Upfront costs when buying a car

When buying a car in Australia, be aware that the actual cost of the car includes more than just the advertised purchase price – there are additional costs that you will need to budget for.


Dealer delivery is a charge set by the dealer. It covers expenses that the dealer will incur in selling the car – such as cleaning the car, compliance, administrative costs and the cost of holding the vehicle prior to the sale.


Stamp duty will be an additional cost – and this varies depending on which state you are in.


Goods and services tax (GST) is a broad-based tax of 10 per cent on most goods sold in Australia. If you are buying a luxury vehicle, be aware of the Luxury Car Tax, which is 33 per cent on the GST-inclusive value of the car over the relevant threshold.


Any extras that you order for the vehicle will normally also cost you extra. The advertised price usually only covers the minimum, i.e. the base model with everything stock standard. If you are buying the vehicle with extras such as ABS, automatic transmission, metallic paint and any upgraded trim, expect that you will be paying additional costs for these extras. You could be surprised when presented with the total purchase price of the vehicle if you are unaware that the floor mats, stereo upgrade, mirror and light protectors, body kits, spoilers, window tinting, rust proofing and so on that you are accepting as they are offered to you, are all adding to your eventual bill. If you are considering any of these optional extras – ask for the price before you make a decision, and use every opportunity to negotiate for some of them to be included in the base price of the vehicle, if you can.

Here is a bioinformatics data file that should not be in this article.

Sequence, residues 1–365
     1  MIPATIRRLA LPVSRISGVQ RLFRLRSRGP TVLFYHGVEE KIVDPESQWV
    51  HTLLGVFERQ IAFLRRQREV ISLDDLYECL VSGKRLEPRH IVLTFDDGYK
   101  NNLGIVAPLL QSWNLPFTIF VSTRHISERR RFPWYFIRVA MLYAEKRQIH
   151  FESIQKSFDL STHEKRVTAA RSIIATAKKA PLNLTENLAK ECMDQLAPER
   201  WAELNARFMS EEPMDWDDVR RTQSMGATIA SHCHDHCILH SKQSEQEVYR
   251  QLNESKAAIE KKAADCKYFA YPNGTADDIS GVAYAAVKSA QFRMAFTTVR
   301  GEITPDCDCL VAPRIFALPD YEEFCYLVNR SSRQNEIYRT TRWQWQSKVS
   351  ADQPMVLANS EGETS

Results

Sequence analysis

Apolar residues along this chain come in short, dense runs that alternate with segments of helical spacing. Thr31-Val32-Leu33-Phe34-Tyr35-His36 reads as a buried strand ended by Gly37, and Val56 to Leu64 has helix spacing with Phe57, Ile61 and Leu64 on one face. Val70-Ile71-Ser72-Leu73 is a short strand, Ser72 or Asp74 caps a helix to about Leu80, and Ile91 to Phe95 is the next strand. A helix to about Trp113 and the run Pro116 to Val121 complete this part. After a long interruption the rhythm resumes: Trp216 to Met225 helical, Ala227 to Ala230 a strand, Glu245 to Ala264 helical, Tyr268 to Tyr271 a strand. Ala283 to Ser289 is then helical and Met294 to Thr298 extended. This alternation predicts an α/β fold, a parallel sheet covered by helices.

In addition, you will need to cover the cost of registering your vehicle, as well as compulsory third party insurance, fire/theft or comprehensive insurance. These costs will also need to be paid annually when renewed. Any vehicle that is sold as an unregistered vehicle will incur the cost of number plates.


It is so easy to forget about all of these items when swept away in the enthusiasm and excitement of buying a new car. Being prepared and aware enables you to budget accordingly, and also positions you to ask the right questions and equips you to negotiate where appropriate.


Interested in purchasing a car but want to find out more about any costs involved? Contact us on 1300 889 256 or message us to find out more! 


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Fuel Efficiency

Fuel economy indicates the distance a vehicle can travel on a certain amount of fuel, and is measured in litres per 100 km or in kilometres per litre in Australia. The more fuel you need to put into your car, the more your vehicle is going to cost you to run.


The fuel economy of a vehicle is impacted by a number of design considerations, such as size, shape, engine type. It is important to think carefully about fuel economy when buying a car – some cars will be more efficient than others. When you compare cars with different fuel economies, it is important to understand that the car with the better fuel economy will use less fuel to travel the same distance, having a lower impact on your wallet as well as the environment. Cars with good fuel economy are often referred to as “green” or environmentally friendly. Smaller vehicles and hybrid vehicles have better fuel economy than larger vehicles such as four-wheel drives. The more powerful the engine, the less the fuel economy, generally speaking. The Green Vehicle Guide rates all new Australian passenger, four-wheel drive and light commercial vehicles based on fuel consumption, and greenhouse and air pollution emissions. It also includes data on all models sold from 2004 onwards.


Apart from choosing a car with good fuel economy, there are some things that you can do to reduce your car’s fuel consumption.


  • Don’t accelerate or brake excessively.
  • Choose the right gear, and drive smoothly – stop/start driving kills your fuel economy.